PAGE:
Whatever you are writing about I find that if you add quality original material to the internet you will get more readers then if you just re-hash information that already exists.

I’d predict for example that this blog post won’t get very many visitors. There are so many people blogging about blogging that this post will probably vanish in the noise out there. But I still consider it worthwhile to write it so I can look back once I reach 200 posts.

How I write each post

When I started I used to use the WordPress WYSIWYG editor. I found that it wasn’t a great experience. Typing text into a box on a web page isn’t as good as writing text in a word processor. I like having a proper spell checker, and grammar checker ready to use.

I switched to writing my posts in Microsoft Word and using a set of VBA macros that add the WordPress mark-up to the post.

I don’t have a fixed length for each post, some are very short being just a few hundred words long, and others are many thousands of words long.

The shortest posts have been done in less than half an hour, whereas the longest posts with original research, photos and charts have sometimes taken me four to five hours to complete.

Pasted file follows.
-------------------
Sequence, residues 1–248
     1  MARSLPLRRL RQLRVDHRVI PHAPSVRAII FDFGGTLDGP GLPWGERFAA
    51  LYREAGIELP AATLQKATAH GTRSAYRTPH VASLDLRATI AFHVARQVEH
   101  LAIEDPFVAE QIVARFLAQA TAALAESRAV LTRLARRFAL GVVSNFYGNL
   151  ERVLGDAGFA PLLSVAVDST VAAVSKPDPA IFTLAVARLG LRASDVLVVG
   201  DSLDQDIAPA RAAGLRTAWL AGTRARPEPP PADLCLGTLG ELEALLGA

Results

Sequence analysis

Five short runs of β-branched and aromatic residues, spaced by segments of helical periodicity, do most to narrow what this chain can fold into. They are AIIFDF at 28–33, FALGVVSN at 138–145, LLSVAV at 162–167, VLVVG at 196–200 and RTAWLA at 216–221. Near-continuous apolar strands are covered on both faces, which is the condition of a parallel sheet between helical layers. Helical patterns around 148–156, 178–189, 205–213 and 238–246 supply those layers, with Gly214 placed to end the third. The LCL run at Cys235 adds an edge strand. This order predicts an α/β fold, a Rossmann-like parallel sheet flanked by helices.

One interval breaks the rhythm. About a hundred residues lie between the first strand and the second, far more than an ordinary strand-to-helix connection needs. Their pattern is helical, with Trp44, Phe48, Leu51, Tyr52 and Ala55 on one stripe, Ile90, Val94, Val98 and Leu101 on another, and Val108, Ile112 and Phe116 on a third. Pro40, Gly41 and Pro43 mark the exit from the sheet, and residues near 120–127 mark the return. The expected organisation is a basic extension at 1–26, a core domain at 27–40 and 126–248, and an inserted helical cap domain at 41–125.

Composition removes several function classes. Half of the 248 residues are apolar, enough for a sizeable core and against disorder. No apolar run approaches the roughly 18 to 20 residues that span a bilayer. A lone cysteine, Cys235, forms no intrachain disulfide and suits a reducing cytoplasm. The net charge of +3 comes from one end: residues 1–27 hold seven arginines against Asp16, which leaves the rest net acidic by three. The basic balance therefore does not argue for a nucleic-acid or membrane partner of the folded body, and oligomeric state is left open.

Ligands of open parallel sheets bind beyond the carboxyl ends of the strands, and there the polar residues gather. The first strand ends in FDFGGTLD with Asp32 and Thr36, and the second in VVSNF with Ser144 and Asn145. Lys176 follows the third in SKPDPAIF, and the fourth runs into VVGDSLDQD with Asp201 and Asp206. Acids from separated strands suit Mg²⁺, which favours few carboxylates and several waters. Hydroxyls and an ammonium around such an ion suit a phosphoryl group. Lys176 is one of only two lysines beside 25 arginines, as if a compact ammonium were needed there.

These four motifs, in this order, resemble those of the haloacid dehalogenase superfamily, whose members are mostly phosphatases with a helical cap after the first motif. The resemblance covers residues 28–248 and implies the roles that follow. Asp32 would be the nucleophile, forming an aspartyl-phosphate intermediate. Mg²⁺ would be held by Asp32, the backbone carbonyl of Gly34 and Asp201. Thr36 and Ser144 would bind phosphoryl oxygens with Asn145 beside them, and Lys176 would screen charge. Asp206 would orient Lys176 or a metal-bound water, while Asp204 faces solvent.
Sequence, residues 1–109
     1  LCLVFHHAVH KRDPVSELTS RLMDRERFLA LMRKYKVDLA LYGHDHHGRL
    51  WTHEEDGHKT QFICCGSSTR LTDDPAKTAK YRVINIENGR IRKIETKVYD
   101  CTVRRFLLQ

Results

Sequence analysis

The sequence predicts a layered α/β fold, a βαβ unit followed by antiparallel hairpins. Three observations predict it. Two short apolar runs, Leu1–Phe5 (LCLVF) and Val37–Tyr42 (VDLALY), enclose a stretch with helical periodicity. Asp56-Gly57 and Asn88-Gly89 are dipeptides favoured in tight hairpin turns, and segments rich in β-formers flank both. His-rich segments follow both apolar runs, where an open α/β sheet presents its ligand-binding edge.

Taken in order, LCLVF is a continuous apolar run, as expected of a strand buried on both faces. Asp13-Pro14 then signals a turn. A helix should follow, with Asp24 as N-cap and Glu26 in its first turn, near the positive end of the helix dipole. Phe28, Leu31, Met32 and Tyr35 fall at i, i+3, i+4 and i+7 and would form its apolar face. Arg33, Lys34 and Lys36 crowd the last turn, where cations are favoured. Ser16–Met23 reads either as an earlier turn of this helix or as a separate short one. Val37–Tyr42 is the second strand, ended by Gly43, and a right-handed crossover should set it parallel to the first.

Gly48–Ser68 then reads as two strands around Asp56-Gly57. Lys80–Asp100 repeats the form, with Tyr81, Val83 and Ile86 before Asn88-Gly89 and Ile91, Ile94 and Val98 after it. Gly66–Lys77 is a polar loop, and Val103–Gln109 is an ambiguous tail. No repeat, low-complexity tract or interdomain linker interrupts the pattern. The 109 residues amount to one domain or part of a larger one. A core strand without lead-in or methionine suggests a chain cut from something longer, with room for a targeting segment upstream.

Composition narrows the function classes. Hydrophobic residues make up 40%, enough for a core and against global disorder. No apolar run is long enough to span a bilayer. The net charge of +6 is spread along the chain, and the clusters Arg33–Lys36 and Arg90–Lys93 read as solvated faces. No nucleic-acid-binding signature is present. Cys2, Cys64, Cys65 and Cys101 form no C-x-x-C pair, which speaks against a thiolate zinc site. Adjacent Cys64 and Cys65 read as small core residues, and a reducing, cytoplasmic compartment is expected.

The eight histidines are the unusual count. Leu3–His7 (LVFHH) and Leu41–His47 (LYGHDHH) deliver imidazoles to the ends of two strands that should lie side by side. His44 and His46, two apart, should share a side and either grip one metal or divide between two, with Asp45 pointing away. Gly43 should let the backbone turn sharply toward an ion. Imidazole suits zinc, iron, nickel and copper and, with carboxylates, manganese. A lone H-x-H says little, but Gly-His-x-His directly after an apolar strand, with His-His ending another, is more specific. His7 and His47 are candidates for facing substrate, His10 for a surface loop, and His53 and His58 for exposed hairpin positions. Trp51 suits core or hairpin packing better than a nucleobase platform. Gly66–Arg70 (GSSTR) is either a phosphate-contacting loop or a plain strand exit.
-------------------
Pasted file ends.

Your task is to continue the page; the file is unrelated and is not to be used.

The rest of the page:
Often I don’t have a plan for each post, I just start writing and finish when I think the post is done. Take this post for example; I have very little idea where I’m going after this sentence! All I have is a few notes about certain topics I want to include.

I didn’t always include photos in my posts, but more recently I’ve tried to have at least one photo or diagram in each post. I think the sight of a large block of text can be off-putting to blog readers. A few relevant (or even not so relevant) photos can help to break the text up. All my photos are taken with a Sony Cybershot W80 camera which I reviewed on this site in 2008.

To upload the photos I use the FileZilla FTP client which has useful functions such as directory bookmarking, synchronised browsing, and filters.

Getting ideas for posts

As my blog is a multi-topic one rather than being a specialised one I can think of ideas for posts all the time. The problem is that I don’t have time to write many of them up.

reviewmylife thumbnails

Often my ideas are topics that I’ve tried to find out about on the internet, had no success, and so have decided to write about them myself.

I find that if I get an idea for a post, I need to write it down right away. If I don’t then I’ll have probably forgotten a few minutes later. If I’m at my computer I record my ideas as a simple list in Word. If I’m away from my computer I put the ideas in a ToDo list on my phone.

If I have specific ideas for what content should be in those posts then I might jot down a few bullet points, but most of the time I just write the idea down in a single line.

Promoting the posts and website

I spend very little time on promoting each post or SEO compared to the amount of time spent writing new content. But I have done some simple things to make sure each post has basic SEO hygiene factors.

  • I’ve installed the All in One SEO Pack plugin, and I make sure I add a title, description, and keywords for each post.
  • I add tags and a category to each post.
  • I submit most of my new posts to Digg, reddit, Delicious, and StumbleUpon.
  • More recently I’ve installed the Tweetly Updater plugin so Twitter is notified when I make a new post.